A few lockers down from where Matt Harvey chatted Wednesday night about using tape to stabilize a stubborn left ankle sprain, Dillon Gee explained his efforts during the past week to repair a damaged psyche.
Even the rotation for the best team in baseball -- yes, we're referring to the virtually invincible Mets -- needs to be patched up on occasion. Sometimes it's tape. Other times, it's a talk, like the one Gee had with Terry Collins in the manager's office the after his previous start.
"He was a little frustrated with the whole scenario," Collin said after the Mets' come-from-behind, 3-2, win over the Braves. "Over the winter, spring training. All that he's had to do. He said, it's time for me to go pitch, to pitch my kind of baseball."
Collins assured Gee that he didn't owe him an explanation, that he deserved to be in the rotation. "You've just got to go do your job," the manager told him.
A fitting slogan for this entire Mets' roster, really. If not for Zack Wheeler needing Tommy John surgery six weeks back, Gee would be in the bullpen now, trying to be a middle reliever on the best team in baseball rather than a reliable No. 5.
Last season, Gee was the Mets' Opening Day starter. Now he has the kind of fragile job security that can be threatened by someone like Rafael Montero, who was demoted last Friday to prepare for an April 28 spot start that may or may not bounce Gee from the rotation eventually.
That possibility is not something Gee worries about as much as he used to. Not since that sit-down with Collins, who is showing that he has more of a feel for this team than any of his past four.
"I think I just needed to talk and he was there for me," Gee said. "I was going about things the wrong way. It boils down to me. No excuses"
So with a clear head, and despite a 7.59 ERA coming in, Gee mostly kept the Braves in check for seven innings. He allowed eight hits, but only two runs. And when you give the Mets a chance to win these days, they usually do -- especially at Citi Field, where they won their 10th straight and improved to 9-0 on this homestand.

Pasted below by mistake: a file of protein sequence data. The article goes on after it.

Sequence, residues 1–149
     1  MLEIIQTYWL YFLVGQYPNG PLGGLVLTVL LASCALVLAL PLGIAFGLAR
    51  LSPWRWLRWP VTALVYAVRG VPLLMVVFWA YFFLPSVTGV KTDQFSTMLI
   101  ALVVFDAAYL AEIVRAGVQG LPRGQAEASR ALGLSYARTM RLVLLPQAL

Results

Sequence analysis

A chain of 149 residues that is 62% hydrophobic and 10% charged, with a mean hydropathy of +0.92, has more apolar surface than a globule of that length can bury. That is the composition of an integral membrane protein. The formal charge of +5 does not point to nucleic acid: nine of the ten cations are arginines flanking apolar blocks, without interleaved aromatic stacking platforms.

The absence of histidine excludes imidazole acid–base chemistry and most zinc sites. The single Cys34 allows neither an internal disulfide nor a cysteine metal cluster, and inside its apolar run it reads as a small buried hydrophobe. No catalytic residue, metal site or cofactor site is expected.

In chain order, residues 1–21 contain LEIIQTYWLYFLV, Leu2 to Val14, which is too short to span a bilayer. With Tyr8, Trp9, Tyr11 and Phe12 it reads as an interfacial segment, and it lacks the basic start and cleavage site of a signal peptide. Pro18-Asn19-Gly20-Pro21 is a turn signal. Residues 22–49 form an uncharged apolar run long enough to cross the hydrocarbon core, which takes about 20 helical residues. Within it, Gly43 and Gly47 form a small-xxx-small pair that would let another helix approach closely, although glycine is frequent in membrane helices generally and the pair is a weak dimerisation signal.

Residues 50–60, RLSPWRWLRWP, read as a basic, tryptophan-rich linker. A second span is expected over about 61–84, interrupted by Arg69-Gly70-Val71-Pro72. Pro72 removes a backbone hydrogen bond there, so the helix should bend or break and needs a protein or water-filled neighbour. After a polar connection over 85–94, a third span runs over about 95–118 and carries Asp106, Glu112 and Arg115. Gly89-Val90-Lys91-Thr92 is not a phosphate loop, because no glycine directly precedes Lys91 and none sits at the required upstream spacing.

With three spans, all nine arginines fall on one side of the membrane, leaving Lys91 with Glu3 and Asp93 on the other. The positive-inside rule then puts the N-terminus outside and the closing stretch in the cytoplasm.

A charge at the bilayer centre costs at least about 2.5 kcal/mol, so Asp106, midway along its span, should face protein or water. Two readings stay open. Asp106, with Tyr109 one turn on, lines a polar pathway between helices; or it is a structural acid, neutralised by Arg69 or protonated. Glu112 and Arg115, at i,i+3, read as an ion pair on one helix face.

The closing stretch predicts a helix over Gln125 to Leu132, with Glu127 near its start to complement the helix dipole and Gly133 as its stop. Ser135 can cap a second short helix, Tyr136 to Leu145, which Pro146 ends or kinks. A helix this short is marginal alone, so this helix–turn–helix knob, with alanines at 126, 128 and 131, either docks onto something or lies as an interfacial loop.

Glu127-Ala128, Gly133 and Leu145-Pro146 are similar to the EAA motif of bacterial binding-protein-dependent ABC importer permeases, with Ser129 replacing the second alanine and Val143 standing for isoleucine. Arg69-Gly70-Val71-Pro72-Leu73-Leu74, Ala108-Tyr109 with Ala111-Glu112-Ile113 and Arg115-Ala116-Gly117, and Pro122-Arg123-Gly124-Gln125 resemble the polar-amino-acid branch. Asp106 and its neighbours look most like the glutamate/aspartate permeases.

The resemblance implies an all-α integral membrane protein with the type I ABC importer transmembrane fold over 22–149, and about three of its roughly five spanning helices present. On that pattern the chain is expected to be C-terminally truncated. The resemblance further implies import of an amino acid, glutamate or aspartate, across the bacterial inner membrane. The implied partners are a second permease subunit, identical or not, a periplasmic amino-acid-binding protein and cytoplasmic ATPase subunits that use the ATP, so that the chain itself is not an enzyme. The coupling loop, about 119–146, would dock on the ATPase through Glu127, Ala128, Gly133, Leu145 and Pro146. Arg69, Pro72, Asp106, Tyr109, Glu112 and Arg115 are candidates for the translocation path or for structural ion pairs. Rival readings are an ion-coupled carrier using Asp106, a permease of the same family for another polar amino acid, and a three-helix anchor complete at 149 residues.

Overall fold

Gee benefitted from some nifty defensive plays, including a spectacular Willie Mays-caliber catch from Juan Lagares that must be seen to be believed. But he also helped himself with a daring, off-balance throw to second to start a double play that erased a bases-loaded threat in the fourth inning. As we've come to expect from Mets pitchers, Gee issued only one walk -- it was intentional -- for a staff that had the second-fewest walks per nine innings (1.98) in the majors.
Did Gee change the Mets' thinking last night? Probably. Did he have to? Almost certainly. The other factor working to Gee's benefit is that no one else seems capable of taking it away from him. At least not yet. Montero's reluctance to throw anything but fastballs eroded the Mets' confidence in him up here and he'll have to show he's capable of commanding his slider and changeup in today's Vegas start.
Barring injury, Alderson already has committed to going with Montero on April 28, and he does have some major-league experience on his side. And eventually there has to be consideration for Steven Matz, who piggy-backed on Montero's April 19 start.
The former Ward Melville star seems to be ahead of Noah Syndergaard, who is slowly working his way back from forearm stiffness, and has also found his balance after a shaky Triple-A launch this season. Now that the Mets have made an early statement. They're no longer about developing young players at the major-league level. Their standards need to be higher than that.
“If [Montero] has a real bad outing, or if his command’s not there, or his stuff is not there, we have to keep an open mind,” Collins said. “We’re still about winning games up here. This is not a tryout camp.”
For the first time in a while, maybe Gee can believe that.